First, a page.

Beating a dead horse: Engine and deck decision

Planning on going to one of the maritime academies this year (either SUNY, Mass, or Maine). I’ve been thinking a lot about whether to go for a deck or engine license and scouring the internet and this forum reading how it has been for people but am still undecided. Originally I envisioned myself as a deck officer but now that I think about it I feel like I might get bored doing the job and also engineering seems a lot more useful in everyday life. (fixing shit around the house, car problems, HVAC, etc) especially if I ever bought my own boat. As well as maybe having a better chance of employment on land if I ever want that. The curriculum looks a lot more interesting too but also difficult. Regardless of which I choose I want to learn at least basic stuff about the functioning of the ship. I feel like it would be criminal to drive it with zero understanding of that.

My questions:

What do y’all like about being either a mate or engineer and what made you decide on one or the other?

Are there any of you who if you could go back and do it again would pick a different route/regret the choice you made? Why?

Do engineers still have opportunities to go up and see the bridge, ocean, sunsets/sunrises, stars, etc. and breathe fresh air?

Are there any health risks (immediate or long-term) associated with working in the engine room? Obviously theres lots of working with potentially harmful chemicals and fumes and stuff but is it safe? Is it also tough on the body?

Do any of the captains/deck officers find the work boring/tedious? I’ve read on here some people (engineers haha) saying its a lot of just looking out the window all day, sipping beverages, doing paperwork, and not being able to sleep due to the watch schedules. Also, on watches are you able to do things like read or are you expected to have eyes glued to the horizon 24/7?

I know this is a long post if anyone can provide an answer (or answers) it would be greatly appreciated. Thanks.

Side Note: Does anyone have any thoughts on the development of AI and what it could mean for people with careers/jobs in the maritime industry?

That’s definitely true.

No, they’re only allowed out of the engine room to eat meals and they’re escorted the whole time to make sure they don’t escape.


If you work in the engineroom you will lose your sense of humour.


Reading on watch? While underway? Steaming? No books, but e-readers/phones are certainly acceptable.

(Until you get caught)

That was sarcasm

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Not a deep sea guy here, but i can tell you from a guy that’s done both, let me say I’d much rather be a mate. Less physically demanding and fun, especially since I LOVE boat handling. Opportunities for advancement and better money have come much quicker for me with my engine license as opposed to my deck license too, but added stress comes along with that. For me, the weight of responsibilities is heavier as an engineer.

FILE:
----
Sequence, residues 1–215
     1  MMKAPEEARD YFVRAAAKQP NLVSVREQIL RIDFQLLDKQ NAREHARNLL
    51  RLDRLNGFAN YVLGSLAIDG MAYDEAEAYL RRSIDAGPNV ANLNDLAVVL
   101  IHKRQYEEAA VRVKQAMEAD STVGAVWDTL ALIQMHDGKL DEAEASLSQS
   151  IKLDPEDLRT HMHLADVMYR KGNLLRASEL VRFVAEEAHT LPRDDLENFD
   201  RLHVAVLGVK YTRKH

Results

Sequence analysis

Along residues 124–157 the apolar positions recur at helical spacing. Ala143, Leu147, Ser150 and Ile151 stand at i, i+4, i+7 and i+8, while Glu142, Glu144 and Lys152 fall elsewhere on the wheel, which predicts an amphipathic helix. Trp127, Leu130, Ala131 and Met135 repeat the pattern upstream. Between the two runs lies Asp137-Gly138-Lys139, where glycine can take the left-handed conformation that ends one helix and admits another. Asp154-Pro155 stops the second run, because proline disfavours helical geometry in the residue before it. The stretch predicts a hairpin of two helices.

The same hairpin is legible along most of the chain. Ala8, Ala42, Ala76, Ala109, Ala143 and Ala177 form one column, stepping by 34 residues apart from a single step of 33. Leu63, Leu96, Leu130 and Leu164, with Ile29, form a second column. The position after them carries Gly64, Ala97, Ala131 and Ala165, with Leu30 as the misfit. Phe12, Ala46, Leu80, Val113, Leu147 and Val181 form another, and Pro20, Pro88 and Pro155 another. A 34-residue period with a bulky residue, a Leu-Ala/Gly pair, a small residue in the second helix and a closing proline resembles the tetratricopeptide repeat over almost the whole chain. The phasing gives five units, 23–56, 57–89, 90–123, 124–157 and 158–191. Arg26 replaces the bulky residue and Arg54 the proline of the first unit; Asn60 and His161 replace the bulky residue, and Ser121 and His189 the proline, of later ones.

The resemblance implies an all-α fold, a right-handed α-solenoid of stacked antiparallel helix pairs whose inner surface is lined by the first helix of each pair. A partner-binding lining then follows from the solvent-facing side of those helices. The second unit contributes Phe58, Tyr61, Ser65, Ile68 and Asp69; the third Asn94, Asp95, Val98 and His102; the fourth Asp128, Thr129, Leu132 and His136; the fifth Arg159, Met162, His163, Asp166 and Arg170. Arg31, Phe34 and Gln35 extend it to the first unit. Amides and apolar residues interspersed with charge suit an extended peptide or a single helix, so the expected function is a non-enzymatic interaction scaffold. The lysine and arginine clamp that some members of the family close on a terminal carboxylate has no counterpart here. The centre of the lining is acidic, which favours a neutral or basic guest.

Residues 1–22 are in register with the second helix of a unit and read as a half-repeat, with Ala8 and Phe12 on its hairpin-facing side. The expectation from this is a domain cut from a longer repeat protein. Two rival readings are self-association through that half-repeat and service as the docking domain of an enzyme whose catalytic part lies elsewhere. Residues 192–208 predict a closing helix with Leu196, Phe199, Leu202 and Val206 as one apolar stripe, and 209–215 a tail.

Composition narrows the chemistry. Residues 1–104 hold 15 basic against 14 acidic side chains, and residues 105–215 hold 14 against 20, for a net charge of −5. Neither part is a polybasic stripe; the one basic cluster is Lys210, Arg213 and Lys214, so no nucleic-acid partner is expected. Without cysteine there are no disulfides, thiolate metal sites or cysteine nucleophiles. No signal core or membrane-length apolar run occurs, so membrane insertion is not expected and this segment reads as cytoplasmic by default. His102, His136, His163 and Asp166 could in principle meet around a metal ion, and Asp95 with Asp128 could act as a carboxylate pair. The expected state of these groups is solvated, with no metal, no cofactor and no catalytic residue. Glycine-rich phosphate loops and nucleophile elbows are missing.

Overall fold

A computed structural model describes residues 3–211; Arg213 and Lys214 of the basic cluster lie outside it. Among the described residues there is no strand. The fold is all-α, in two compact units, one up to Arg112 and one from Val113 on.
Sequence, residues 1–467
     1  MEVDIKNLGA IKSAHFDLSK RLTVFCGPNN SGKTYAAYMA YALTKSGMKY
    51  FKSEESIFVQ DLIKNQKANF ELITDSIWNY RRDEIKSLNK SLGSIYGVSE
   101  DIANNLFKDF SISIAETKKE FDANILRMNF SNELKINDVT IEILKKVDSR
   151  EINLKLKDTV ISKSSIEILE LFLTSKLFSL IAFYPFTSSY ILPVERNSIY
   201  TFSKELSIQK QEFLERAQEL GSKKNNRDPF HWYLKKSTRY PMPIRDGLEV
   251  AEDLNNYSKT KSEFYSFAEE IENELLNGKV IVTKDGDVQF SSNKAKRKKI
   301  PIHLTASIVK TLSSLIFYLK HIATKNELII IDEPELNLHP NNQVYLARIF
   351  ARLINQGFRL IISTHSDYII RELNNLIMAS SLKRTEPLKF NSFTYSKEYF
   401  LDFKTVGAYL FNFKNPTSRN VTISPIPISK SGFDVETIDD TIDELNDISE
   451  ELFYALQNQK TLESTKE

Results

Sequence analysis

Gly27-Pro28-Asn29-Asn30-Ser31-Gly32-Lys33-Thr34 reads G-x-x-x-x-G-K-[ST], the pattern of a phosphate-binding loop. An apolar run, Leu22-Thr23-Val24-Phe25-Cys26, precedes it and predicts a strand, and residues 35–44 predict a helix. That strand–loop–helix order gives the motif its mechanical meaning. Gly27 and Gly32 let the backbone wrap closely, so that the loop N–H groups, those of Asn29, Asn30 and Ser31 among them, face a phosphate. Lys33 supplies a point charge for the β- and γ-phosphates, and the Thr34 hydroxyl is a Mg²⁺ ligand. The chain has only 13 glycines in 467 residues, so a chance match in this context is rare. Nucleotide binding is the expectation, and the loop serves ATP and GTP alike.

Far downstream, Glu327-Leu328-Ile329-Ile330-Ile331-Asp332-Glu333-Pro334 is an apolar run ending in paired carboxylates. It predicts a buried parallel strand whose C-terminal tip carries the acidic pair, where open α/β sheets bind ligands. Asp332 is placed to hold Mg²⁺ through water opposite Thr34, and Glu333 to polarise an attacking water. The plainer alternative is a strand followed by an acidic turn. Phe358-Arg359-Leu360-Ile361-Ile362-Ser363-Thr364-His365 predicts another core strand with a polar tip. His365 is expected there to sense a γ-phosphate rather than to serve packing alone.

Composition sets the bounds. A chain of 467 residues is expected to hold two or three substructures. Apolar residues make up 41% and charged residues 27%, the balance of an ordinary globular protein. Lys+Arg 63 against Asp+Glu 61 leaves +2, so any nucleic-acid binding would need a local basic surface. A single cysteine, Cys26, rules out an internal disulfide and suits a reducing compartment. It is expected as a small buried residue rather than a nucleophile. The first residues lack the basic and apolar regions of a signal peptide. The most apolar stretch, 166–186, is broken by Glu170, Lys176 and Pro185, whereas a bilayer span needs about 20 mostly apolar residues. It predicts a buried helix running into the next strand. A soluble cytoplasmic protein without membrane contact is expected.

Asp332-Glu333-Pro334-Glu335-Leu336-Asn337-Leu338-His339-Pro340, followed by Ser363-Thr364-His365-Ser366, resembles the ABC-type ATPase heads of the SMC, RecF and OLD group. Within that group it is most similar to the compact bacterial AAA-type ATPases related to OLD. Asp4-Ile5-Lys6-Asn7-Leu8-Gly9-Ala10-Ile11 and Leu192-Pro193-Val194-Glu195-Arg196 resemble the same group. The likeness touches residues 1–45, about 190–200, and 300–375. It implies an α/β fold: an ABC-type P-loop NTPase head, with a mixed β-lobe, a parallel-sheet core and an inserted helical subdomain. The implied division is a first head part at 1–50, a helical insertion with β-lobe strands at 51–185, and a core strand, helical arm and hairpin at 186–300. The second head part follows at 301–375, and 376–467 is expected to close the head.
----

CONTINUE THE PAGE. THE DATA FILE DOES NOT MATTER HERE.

Very true. Can’t speak for the land job transition, but I will also say engineers are more in demand than deck guys. Some jobs on the same tier, engineers get paid more i.e. a 2nd assistant may make more per day than a 2nd mate some places. Qmeds make more than ABs generally. Everyone likes to crack the jokes that the engineer is keeping the batteries fresh in the galley tv remote, but he’s the guy that will fix the sewage system and go bilge diving when need be. He’s also supposed to be the jack of all trades and master of all. Everything is fine and dandy till something breaks then the fun begins.

Generally speaking, yes. Once again, not a deep sea guy but in the tug/osv world the bridge usually doesn’t mind visitors…assuming you aren’t a distraction. A lot of engineers get nosebleeds going above the 01 deck though so you may get some weird looks when you first visit. If you wanna just get some fresh air and take in the view without going to the bridge, shouldnt be a problem either especially off watch. As an engineer, you will encounter some kind of repair/maintenance out on deck at some point.

Always wear your PPE to mitigate those risks.


got a good laugh from that. truth is the engineers dont want to associate with the guys on the bridge.


i gave up my deck licsence and went to the engine room right after they put Hazelton in jail.

unless you got a magic pipe going or are forging the engine logs you’ll not be in a position of liability. typically, unsavory engine room antics require you to be ratted out by someone in your department as the USCG for instance in no match for and engineer.
when you come ashore you can get snapped up as a marine surveyor, make good money and sleep in your own bed every night unless you are doing draft surveys

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I’d disagree.

Most engineers ive worked with all had some kind of background working on stuff. Not necessarily a past job, more of a hobby. Stuff like car stereos, cars, homes, one guy built guitars as a hobby, bikes, etc. We all liked tearing stuff apart or putting it back together. And most of us knew the deck side was a non-starter.